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Mary Gay Scanlon sitting on Capitol steps
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Up Arrow U.S. Rep. Mary Gay Scanlon L’84 discussed her push to better regulate Big Tech during a privacy symposium spon­sored by local chapters of the American Consti­tution Society and the Center for Tech­nology, Inno­vation and Competition.

Congresswoman Mary Gay Scanlon L’84 and Senator Sheldon Whitehouse On How to Curb Big Tech and Big Money

U.S. Rep. Mary Gay Scanlon L’84 (D-PA) returned to the University of Pennsylvania Carey Law School to deliver a warning about the looming shadow “Big Tech” companies cast over Americans’ digital privacy rights.

In the Information Age, data has emerged as the coin of the realm; as a result, control of and access to this knowledge has become a hotly contested issue in Washington, D.C.

“We’re playing catch-up as we try to address the critical privacy concerns our new digital age has wrought,” Scanlon cautioned her audience.

She delivered her remarks during the morning keynote address of “Privacy & Law in the Modern Age,” a symposium sponsored by local college chapters of the American Constitution Society (ACS) and the Center for Technology, Innovation and Competition (CTIC).

In addition to Penn Carey Law, which served as host, ACS organizations affiliated with the law schools of Drexel, Temple, Rutgers, and Villanova participated in the event. Jess Zalph L’23, Programming Director for the Penn Carey Law ACS group, played an instrumental role in managing the gathering’s logistics.

The daylong program also featured Sen. Sheldon Whitehouse (D-RI) as the headliner for the afternoon session. The addresses from the Capitol Hill visitors bridged a series of panel discussions built around topics that included Reproductive Justice, Voter Privacy & Election Integrity, and Medical Autonomy and COVID-19 Mandates, among others.

Scanlon noted that while legislators have historically been slow to deploy regulatory measures in response to the creeping influence of “Big Tech,” she and her colleagues on the House Subcommittee on Antitrust, Commercial, and Administrative Law have proposed legislation to curb large tech companies and increase competition in the marketplace. With market pressure reintroduced, the Congresswoman hopes that Americans will have more choices among service providers who value privacy, in turn pushing the legacy companies to reform.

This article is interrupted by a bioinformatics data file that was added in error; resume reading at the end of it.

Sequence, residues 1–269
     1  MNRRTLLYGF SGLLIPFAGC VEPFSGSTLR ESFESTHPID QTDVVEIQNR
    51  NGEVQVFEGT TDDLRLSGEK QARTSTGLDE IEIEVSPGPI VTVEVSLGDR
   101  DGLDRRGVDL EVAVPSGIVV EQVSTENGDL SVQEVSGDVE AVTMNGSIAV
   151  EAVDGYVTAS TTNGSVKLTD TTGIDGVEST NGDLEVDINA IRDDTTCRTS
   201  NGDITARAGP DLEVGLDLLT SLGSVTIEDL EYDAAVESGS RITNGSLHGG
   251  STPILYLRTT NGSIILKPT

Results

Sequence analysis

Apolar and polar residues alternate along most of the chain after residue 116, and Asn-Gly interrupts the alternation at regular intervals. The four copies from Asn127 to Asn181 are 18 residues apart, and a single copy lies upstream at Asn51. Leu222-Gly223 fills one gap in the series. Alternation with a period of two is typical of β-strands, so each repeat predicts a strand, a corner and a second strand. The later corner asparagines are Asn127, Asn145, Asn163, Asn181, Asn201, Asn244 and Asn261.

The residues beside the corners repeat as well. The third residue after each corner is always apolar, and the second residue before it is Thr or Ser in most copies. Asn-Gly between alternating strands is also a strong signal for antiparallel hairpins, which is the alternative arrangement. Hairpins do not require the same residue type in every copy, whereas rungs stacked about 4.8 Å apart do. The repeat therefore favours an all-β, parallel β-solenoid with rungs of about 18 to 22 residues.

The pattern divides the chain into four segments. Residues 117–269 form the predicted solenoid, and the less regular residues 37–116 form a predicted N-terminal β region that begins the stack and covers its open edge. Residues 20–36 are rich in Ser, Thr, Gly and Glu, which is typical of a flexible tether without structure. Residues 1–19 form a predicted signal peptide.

Given the large bipartisan appetite to address this challenge, Scanlon predicted that corrective legislation would be advanced shortly. Nevertheless, she advised that comprehensive digital privacy rights laws were still badly needed, and the effort would have to expand beyond the United States.

“The Internet doesn’t have borders, and with tech companies operating globally, the only way to solve these privacy concerns is to work as an international community,” Scanlon said.

In my political sphere, [dark money] operates as a way to disable citizens and encourage a slimier politics, a more special interest-based politics.”
Senator Sheldon Whitehouse
Sheldon Whitehouse speaking
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Later in the day, Whitehouse took a seat in the center of the Fitts Audi­torium with Dean Ruger. The senator expounded on what he views as a pressing problem in American democracy — the pervasive and corrosive effect of large special interest groups powered by dark money from big donors. He asserted that dark money works in two lanes.

“In my political sphere, it operates as a way to disable citizens and encourage a slimier politics, a more special interest-based politics. And in the court, it has facilitated the capture of the Supreme Court and other courts.”

The Court’s 2010 ruling in Citizens United v. Federal Election Commission, Whitehouse observed, opened the floodgates for the infusion of special interest money in elections and judicial appointments. Moreover, the 2021 decision in Americans for Prosperity v. Bonta has curtailed the ability of states to compel disclosure of donors to nonprofit organizations.

Nevertheless, Whitehouse continues to champion the DISCLOSE Act to pierce the veil of anonymity under which special interest groups operate. The legislation would compel reporting from donors who gave more than $10,000 in an election cycle or a judicial confirmation battle.

“In drafting the bill, we made really sure that no matter how many screens, no matter how many shell corporations, no matter how many donors’ trusts, no matter how many ‘Russian nesting dolls’ they erected, we could drill through all of it,” he remarked.

For the senator, the root of the problem is the treatment of money as speech. He believes that the infusion of cash in the post-Citizens United environment has promoted corruption and bullying. As an example, he offered the stalled efforts to act on climate change, which he claimed had enjoyed some measure of bipartisan momentum prior to the 2010 ruling. The resulting pressure from fossil fuel companies operating through special interest shell corporations caused Republicans to back away from the issue, Whitehouse contended.

“You pull that Citizens United dark money cork out of the bottle in climate legislation, and things will begin to move.”

Ultimately, Whitehouse framed his efforts as an important step to empower Americans with the infor­mation they need to fulfill their duties in a democratic society. Armed with a better understanding of the identity of the messengers, the senator believes that citizens will develop a more nuanced view of the messages being delivered to them.

“At the heart of all of this, we have to have confidence and trust in the American people, in the American citizenry.”